Breastfeeding has evolved as the optimal survival strategy for human infants, especially under adverse environmental conditions. The protective benefits of breast milk are many, including the actions of bioactive components in milk that orchestrate the maturation of the gut. Infants in rural Gambia show growth patterns typical of low-income countries - low birthweight and modest catch-up, followed by precipitous growth failure - but with an additional modulation by season of the year, with extremely poor growth during the wet, or 'hungry' season. Using results from a longitudinal analysis of milk composition, infant growth, and maternal and infant health, I discuss how breast milk bioactive components shape infant growth patterns across seasons, and across generations.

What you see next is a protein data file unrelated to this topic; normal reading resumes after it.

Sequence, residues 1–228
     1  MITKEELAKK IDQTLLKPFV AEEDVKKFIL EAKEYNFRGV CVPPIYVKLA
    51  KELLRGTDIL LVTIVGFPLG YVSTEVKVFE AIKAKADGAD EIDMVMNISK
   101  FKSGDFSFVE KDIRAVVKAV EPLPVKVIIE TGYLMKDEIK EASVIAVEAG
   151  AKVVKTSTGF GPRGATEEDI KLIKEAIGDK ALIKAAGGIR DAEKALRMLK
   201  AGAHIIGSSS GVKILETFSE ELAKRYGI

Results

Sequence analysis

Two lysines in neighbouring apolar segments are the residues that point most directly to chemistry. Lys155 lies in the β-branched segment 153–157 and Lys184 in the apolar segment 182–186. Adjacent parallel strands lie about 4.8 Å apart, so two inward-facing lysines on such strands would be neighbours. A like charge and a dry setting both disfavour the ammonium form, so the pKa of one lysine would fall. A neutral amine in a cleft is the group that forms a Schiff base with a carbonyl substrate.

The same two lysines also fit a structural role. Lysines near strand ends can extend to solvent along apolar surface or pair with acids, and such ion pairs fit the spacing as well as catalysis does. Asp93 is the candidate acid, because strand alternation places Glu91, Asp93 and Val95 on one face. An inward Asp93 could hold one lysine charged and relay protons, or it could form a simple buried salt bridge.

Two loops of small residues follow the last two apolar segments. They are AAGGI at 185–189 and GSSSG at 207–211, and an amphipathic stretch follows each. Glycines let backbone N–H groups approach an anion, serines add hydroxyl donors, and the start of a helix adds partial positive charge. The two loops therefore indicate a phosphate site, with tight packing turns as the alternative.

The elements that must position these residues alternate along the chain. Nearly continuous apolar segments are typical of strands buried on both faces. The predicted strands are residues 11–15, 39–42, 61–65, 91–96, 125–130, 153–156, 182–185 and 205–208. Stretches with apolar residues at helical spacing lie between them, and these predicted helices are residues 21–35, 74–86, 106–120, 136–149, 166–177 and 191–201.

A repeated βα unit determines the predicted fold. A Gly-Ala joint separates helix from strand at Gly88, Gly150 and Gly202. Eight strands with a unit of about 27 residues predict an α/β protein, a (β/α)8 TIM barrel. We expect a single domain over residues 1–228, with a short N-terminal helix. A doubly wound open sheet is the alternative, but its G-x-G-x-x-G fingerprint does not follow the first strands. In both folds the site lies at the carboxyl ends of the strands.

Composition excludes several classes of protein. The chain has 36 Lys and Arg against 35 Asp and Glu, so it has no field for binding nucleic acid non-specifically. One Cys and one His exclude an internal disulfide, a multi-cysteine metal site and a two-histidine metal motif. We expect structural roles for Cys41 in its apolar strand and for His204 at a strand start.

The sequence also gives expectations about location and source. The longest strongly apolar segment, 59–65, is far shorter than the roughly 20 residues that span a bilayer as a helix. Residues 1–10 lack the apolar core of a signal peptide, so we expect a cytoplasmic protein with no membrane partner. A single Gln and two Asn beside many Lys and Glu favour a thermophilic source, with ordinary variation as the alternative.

Robin M. Bernstein, University of Colorado, Boulder, Associate Professor of Anthropology